Subject: Re: IP: Wal-Mart PC, Operating System *Not* Included: $399 (fwd)
To: Greg A. Woods <email@example.com>
From: paul <firstname.lastname@example.org>
Date: 02/24/2002 17:06:07
can we keep this in -advocacy, please?
Greg A. Woods wrote:
> [ On Friday, February 22, 2002 at 14:19:29 (-0800), David Lawler Christiansen (NT) wrote: ]
>>Subject: RE: IP: Wal-Mart PC, Operating System *Not* Included: $399 (fwd)
>>I didn't ask whether the practices to which you refer have been
>>"proven". I asked which ones.
> I meant exactly those ones documented by the courts. No more, no less.
>>As I've said in the past, hardware companies don't take software
>>terribly seriously. Why would they? They're more interested in
>>crafting nifty gizmos and in their eyes, "anyone can be a good coder,
>>right...?" This means they're usually understaffed to maintain even
>>drivers for Windows, let alone for the gazillion-odd free unixes there
>>are out there.
> Perhaps you're forgetting Apple, Sun, IBM, DEC, Pyramid, HP, Cray,
> Sequent, Tandem, and so on and so on and so on. They've all been
> innovative on the hardware side, and they've each also taken their
> systems software very seriously, to the extent that some people have
> even come to like them more for their software than their hardware.
> Most of the above have even innovated in some areas of systems software
> (well maybe not Apple, at least not without counting NeXT as part of
> them :-), and sometimes more than once!
> There are those people who will even argue that M$, a software-only
> company, hasn't innovated anything on its own except marketing. I
> wouldn't go quite that far, though I would say that the kinds of
> technical innovations coming out of M$ over the years have been rather
> on the small scale, and more of the type that can inevitably be produced
> by a million monkeys.... It seems to me that only recently has M$ been
> able to use its very significant monetary resources to attract
> significant people in computer research circles.
> In terms of business practices I'd tend to suggest M$ is not doing
> much more than what the railroad barons of the past had perfected long
>>Now we get to the heart of the issue-- you're complaining because
>>someone provided for your needs before, but no longer does. For some
>>reason, rather than blaming the company whose service has regressed, you
>>hop on the bandwagon and blame that darn Microsoft.
> I continue to blame M$ because it has been shown unequivocally that M$
> either engineered market conditions which unfairly forced their
> competitors out of existance, or where that wasn't possibly simply
> bought them outright. I blamed M$ long before the courts collected
> evidence to substantiate what were previously just my personal opinions.
> I'm not saying the Netscapes and Oracles of the world have been any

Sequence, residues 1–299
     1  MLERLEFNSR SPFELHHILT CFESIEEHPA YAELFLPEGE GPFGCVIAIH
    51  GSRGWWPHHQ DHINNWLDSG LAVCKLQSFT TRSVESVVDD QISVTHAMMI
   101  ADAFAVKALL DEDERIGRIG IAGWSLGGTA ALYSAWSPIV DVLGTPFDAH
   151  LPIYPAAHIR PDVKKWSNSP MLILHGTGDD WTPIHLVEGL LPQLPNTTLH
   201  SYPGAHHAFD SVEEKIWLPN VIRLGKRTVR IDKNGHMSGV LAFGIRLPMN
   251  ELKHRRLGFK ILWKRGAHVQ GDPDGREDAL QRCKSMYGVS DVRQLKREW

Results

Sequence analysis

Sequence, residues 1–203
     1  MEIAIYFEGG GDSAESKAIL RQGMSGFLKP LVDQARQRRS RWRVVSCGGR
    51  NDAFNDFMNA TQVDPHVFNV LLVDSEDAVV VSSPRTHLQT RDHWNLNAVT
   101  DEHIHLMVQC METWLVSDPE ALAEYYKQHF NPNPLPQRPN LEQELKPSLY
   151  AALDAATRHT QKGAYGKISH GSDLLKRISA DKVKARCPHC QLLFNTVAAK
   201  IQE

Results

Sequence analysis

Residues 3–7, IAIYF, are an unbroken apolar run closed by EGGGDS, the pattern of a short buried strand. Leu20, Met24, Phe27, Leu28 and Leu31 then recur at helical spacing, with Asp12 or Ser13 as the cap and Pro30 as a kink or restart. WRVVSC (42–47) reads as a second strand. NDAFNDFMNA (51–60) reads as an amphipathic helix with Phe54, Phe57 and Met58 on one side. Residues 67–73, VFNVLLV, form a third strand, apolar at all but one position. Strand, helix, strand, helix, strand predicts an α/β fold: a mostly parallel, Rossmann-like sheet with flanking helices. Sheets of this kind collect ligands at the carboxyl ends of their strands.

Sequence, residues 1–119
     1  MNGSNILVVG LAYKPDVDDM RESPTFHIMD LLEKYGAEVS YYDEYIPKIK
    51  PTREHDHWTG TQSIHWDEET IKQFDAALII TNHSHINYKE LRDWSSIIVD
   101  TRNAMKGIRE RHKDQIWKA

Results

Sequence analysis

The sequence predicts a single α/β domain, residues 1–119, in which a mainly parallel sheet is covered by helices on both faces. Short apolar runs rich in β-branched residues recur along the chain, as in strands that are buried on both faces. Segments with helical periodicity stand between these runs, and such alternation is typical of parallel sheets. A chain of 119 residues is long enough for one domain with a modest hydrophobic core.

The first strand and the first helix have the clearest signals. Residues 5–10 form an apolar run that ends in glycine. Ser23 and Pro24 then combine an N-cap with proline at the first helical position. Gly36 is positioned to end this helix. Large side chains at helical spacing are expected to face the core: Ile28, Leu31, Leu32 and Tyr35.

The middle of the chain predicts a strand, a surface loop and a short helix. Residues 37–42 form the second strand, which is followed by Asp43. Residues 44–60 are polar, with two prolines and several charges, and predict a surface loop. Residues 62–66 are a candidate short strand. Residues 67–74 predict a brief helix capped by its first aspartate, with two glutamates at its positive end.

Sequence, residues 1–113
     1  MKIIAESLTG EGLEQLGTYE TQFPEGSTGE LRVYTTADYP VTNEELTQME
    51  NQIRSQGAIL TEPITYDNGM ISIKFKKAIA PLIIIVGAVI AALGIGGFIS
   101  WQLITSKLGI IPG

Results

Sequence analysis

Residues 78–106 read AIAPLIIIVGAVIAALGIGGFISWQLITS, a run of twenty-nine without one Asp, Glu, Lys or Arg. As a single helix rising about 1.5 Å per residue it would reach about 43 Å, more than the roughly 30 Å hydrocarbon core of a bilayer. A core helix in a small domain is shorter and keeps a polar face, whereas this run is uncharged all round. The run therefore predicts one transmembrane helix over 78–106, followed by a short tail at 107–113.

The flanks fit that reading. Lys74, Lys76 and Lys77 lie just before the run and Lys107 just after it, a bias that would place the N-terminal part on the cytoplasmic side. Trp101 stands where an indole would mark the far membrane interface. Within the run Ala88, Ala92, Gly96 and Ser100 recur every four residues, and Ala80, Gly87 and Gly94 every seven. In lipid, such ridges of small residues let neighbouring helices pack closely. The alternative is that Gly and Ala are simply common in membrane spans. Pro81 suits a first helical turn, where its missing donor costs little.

> better either, mind you.
>> How exactly is it
>>that MS prevented that company from providing you with non-Windows
> Read what your courts have told you. I don't need to rehash it all again.
>>>The only cost that's fair to hide in the bundle price
>>>is the cost of performing the bundling service (pre-install
>>>of the customer's chosen software, configuration, etc.).
>>"fair" is an interesting term. Fair to whom, out of curiosity?
> Fair to the customer, obviously. The very fact you've asked such a
> question is revealing in and of itself. If you don't understand who
> such regulations are intended to protect, and implicitly accept the
> correctness of such protection, then what exactly do you think would be
>>Fairness isn't even the issue.
> It sure as heck is! Indeed some have claimed it is the fundamental issue.
>> Many hardware manufacturers negotiate
>>prices on a bulk rate that may be variable... RAM's a great example,
>>because the prices sometimes change by the hour. Think Best Buy is
>>going to go reprint labels just because Dell got a better price for RAM?
> RAM is a commodity. The OS is not. (everyone's RAM adheres to publicly
> documented engineering specifications -- however M$'s OS does not work
> (from the user's P.O.V.) like mine and cannot run all the same
> applications as mine, even though they both work on the same hardware
> and they both may claim to implement some common APIs)
> Are you trying to say that the hardware manufactures have negotiated a
> bulk rate on M$ OS software and they're not going to (be able to) stop
> buy from M$ even though they can now use an OS with no licensing costs
>>Even if this were possible, it's NMF-- you should take it up with the
> I suspect if Bill Gates were to have his way then nothing at all would
> ever be Micro$oft's fault -- not even bugs of his own making. Your
> rhetoric not uncommonly mimics much of his, whether you claim to be
> towing the company line or not.